Re: Reading non-MFM disks in PC with a "small adapter"

From: Nicolas Welte (
Date: 2001-11-20 12:55:26

Hársfalvi Levente wrote:
> I suppose, the highest data density produced by native C= floppy drive
> (not counting the CMD FDDs that are MFM anyway AFAIK) is of the
> SFD1001s. The shortest period, found on the SFD1001 disk was somewhere
> about 3.75 us, and the next one was 5.25 us (please correct me if
> someone has more accurate data). Note that the PC drive runs @ 360rpm
> instead of 300. At track 68, the same periods are 4.55 and 6.55 us long,
> respectively). The pulse width is constant - I mean, the drive produces
> a stream of equally long 0.5us pulses with variable "distance" from each
> other.

The SFD disk format is not a good reference for a bitstream converter. While
it should be normal Commodore GCR at a higher speed, the disks are recorded
with a track density of 100tpi, which makes them impossible to read in a
96tpi PC drive.

Someone once sent me an SFD1001 for repair, and a replacement mechanism that
he said came from Commodore. But the type number didn't match at all, and it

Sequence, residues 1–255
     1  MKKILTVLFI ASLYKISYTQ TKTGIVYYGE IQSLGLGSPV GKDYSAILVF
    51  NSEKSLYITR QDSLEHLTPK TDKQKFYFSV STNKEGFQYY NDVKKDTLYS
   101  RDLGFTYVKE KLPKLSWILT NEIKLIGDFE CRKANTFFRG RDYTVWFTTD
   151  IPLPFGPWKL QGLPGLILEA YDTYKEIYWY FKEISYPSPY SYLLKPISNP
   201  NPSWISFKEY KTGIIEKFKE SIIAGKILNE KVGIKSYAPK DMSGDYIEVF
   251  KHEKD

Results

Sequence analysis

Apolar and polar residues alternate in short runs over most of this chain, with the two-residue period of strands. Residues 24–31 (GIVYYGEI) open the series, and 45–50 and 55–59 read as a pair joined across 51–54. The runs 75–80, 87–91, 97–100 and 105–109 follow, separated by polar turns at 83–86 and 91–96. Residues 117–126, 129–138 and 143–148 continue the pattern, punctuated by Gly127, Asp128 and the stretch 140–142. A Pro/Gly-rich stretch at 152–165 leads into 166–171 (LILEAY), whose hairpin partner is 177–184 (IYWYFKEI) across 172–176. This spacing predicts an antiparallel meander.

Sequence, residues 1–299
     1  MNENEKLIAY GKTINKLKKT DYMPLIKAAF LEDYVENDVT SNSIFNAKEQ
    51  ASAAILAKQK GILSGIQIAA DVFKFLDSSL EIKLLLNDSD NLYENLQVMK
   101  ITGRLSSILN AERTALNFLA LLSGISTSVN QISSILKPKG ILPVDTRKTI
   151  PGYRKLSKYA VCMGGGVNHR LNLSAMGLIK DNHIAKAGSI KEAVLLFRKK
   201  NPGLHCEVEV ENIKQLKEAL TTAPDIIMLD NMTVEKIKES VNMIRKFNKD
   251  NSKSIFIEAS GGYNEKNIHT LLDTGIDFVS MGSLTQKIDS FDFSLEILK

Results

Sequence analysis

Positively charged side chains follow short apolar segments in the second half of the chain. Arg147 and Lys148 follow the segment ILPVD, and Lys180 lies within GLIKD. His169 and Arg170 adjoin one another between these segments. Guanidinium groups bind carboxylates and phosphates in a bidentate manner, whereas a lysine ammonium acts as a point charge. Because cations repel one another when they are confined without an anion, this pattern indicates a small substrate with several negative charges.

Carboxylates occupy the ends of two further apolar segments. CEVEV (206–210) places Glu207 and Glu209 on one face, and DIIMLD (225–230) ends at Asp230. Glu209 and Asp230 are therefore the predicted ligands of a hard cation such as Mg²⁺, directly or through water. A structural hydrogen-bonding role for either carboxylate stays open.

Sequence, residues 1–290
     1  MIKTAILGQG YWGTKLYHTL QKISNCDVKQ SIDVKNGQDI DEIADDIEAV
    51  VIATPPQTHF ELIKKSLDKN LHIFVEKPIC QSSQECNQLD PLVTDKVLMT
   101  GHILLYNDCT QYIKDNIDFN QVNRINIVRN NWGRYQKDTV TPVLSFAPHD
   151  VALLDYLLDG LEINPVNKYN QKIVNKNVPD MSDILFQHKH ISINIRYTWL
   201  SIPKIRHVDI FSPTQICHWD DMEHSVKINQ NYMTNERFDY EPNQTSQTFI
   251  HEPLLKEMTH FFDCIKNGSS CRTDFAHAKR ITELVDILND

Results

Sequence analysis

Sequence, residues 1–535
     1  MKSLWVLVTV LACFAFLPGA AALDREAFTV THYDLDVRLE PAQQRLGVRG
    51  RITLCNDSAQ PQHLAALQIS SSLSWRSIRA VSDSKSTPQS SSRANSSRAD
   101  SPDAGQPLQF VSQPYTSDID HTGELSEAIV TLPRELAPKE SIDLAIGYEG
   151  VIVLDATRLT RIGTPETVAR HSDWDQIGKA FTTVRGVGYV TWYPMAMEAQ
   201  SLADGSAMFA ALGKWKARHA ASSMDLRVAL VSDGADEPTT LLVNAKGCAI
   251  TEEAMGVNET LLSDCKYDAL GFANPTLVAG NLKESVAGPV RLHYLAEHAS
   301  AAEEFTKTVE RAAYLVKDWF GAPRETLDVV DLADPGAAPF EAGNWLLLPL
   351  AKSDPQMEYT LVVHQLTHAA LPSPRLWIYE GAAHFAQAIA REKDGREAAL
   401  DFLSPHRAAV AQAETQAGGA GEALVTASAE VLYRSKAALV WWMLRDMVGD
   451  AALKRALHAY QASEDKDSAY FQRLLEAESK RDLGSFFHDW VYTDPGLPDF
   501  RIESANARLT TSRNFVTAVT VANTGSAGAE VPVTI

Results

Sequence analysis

turned out that this was a 96tpi version of the SFD mechanism. With this one
installed, it was possible to read the directory, but it would report read
errors on most files. I ended up using the 100tpi stepper motor from the dead
drive (broken r/w head) in the good drive. BTW, the motors themselves are the
same, but the wheel that drives the r/w head has a different diameter.

> Another problem is to read both sides of the 1541 disk - when you insert
> the disk with the second side, the PC drive provides no index signal,
> thus the FDD controller won't even believe that the disk is spinning.

According to the online docs of the Catweasel controller some/most drives
have a problem on their own when there is no valid index signal: they just
shut down their complete read circuit, so you have to supply a fake index
signal _inside_ the drive. They also list some methods to do this.

> The next thing that comes in mind is, if this is all worth the trouble
> to play with at all. I know 5.25" drives aren't manufactured since
> years. ...Does anyone still have 5.25" drives? Would it be a so much
> more convenient way to go that people dusted off their old 5.25" drives
> to reinstall them into their new PCs?

I wouldn't install a 5,25" drive in my main PC, but I have them in my older
486 machines. Personally I don't have a problem with using an external
1541/1571 via XP1541 link, but some people wanted an internal drive so much
that they used a slimline OC118 drive (1541 compatible) and fitted it into a
5,25" drive bay of their PC.


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